Rainforest Trust projects thrive thanks to the important conservation work of people on the ground. Our Voices from the Rainforest series brings you news from our projects in Latin America, Africa, Asia and the Pacific — from the perspectives of those working in and for the rainforests.
Educating Communities in Conservation
Esther Kagoya is a Ugandan conservationist with over five years of experience in natural resources and freshwater fisheries research. She holds a Masters in Fisheries Science from Pukyong National University in South Korea. Currently, Esther is working as a research scientist for Uganda’s National Fisheries Resource Research Institute (NaFIRRI) in fish stock assessment, capture fisheries management and biodiversity conservation.
She worked as a field officer during the Safeguarding a Global Freshwater Fish Hotspot project. A collaboration between Rainforest Trust, NaFIRRI and local stakeholders that safeguarded 10,448 acres on Lake Nyaguo with two fishing exclusion zones and a wetland buffer around the whole lake.
Why did you become a conservationist?
A combination of my education and field experience have inspired me to become a conservationist. I chose to earn my bachelor’s degree in Natural Resource Economics because of my passion for natural resource related issues. I am primarily interested in sustainable management and conservation. I conducted research for my final BSc project on the effects of fisheries policies on fish production and conservation.
In the final months of school, I worked as an intern with NaFIRRI. During this time I was able to further my knowledge of fisheries conservation and obtain the necessary hands-on skills for field work. Eventually, I became a research assistant for NaFIRRI where I work on biodiversity conservation programs.
“The program provides easy access to conservation education and funding opportunities. Plus, reading about the successful protection projects conducted by other Fellows on the Rainforest Trust website inspire me and make me proud to be a part of the Conservation Fellows.”
Tell us about a time that you felt you had made a difference as a conservationist?
Being a young conservationist, I am always involved and interested in managing natural resources for the betterment of the future. During my work on the Lake Nyaguo project, I truly felt that I made a difference in the community. Before Rainforest Trust’s involvement in the project, the site was characterized by cultivated and cleared catchment and vegetation, use of illegal fishing gears and methods, low catch rates and declining fish stocks. I was able to get involved in several parts of the project. I worked with the research and project teams to identify several drivers of resource and species degradation. I also had the opportunity to communicate directly with resource stakeholders through community consultative meetings.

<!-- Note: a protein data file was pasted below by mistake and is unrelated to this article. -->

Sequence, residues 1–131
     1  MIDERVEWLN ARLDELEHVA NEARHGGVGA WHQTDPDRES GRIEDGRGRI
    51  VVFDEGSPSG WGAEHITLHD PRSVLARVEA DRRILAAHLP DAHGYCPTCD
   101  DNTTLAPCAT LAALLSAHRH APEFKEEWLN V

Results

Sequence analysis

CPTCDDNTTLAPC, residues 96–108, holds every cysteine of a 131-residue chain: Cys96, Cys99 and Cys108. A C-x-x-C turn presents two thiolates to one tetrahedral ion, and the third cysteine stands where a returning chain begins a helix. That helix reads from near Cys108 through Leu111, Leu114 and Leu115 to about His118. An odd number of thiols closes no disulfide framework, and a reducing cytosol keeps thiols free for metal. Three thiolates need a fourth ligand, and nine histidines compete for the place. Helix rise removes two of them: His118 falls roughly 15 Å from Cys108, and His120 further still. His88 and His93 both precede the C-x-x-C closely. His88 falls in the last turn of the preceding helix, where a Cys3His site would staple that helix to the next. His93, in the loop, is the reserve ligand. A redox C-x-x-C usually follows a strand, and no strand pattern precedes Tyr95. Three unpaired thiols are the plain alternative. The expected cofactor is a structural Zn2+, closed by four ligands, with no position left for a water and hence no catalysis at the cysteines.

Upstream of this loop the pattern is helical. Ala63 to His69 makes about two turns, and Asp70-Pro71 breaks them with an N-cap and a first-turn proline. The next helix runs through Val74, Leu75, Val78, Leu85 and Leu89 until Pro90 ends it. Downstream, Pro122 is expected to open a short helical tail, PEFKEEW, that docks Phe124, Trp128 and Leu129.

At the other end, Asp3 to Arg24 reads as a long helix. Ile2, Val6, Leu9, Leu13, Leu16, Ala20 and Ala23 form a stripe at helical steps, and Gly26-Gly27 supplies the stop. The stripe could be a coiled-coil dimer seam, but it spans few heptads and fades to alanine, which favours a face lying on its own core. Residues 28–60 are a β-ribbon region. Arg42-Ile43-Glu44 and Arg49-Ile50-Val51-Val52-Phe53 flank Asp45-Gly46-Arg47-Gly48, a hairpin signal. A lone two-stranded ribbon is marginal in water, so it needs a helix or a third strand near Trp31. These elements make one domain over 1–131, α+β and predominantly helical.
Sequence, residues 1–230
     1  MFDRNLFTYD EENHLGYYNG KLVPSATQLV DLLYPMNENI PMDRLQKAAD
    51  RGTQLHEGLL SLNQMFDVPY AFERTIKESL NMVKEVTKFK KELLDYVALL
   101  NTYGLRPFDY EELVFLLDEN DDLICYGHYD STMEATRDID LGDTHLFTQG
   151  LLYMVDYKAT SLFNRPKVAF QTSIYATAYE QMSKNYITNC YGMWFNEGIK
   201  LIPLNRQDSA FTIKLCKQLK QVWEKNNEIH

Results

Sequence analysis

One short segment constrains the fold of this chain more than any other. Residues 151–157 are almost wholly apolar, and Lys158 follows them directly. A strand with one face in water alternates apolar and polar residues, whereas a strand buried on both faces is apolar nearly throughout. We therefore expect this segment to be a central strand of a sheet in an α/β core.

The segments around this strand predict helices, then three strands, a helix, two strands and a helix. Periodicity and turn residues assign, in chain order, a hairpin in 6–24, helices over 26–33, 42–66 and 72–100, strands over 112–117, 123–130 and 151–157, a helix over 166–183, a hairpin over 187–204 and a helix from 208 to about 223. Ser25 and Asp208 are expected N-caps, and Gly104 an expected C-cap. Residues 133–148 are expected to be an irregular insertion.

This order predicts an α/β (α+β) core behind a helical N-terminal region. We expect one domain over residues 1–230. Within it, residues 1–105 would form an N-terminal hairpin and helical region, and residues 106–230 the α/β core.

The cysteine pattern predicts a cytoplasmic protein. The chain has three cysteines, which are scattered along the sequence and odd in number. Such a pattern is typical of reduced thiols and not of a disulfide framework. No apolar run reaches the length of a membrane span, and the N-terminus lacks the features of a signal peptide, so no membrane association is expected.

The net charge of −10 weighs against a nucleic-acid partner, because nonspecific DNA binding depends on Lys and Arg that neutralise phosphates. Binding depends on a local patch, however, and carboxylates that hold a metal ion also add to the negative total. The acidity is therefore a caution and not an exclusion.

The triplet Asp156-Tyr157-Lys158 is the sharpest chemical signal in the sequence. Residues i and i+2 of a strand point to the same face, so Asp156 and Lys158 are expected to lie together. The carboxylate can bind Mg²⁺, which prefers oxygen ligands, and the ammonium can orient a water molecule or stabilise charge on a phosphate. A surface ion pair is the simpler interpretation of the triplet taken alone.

After the project’s inception, the stakeholders and communities are now more aware of the benefits of conservation through change in resource use behavior. This gave them strength to sensitize other community members who were still using illegal fishing gears. The majority surrendered their destructive fishing gears and have transformed their use of destructive resource into practicing healthier ones. In addition, the project in collaboration with the local government enforced the wetland rules and regulations
Tell us about a conservation challenge in your job.
The main challenge I am currently facing is the lack of political interest in conservation. While riparian communities are willing to abide by the best practices of fishing using the stipulated laws, regulations and policies, politicians are communicating contrary messaging by encouraging people to utilize natural resources at their will. The convoluted messaging has made it difficult for resource use communities, specifically fishermen, who try to abide by the positive conservation practices. They are often misled by their politicians to use the equipment and methods that have a harmful effect.
Poverty among resource users is another challenge. Communities always look for short term gains without being mindful of the long term issues. This is mainly attributed to the high poverty levels in these communities and luck of alternative sources of livelihoods.
What is the hardest part of your job?
Conservation is a process that involves change in the mindset of resource users and other key stakeholders of the resource in question. However, this can be arduous because people are more interested in short-term resources and project gains like increasing resource productivity rather than the long-term gains of conservation.
Engaging communities in behavior change communication for long-term sustainability is quite challenging given that their mindset is fixed on short term gains. However, I believe that this is a gradual process that requires patience and in-depth understanding of the stakeholders and their interests. It is only a matter of time.
Header image: The Lake Nyaguo project site. Photo by Isabirye Aggrey.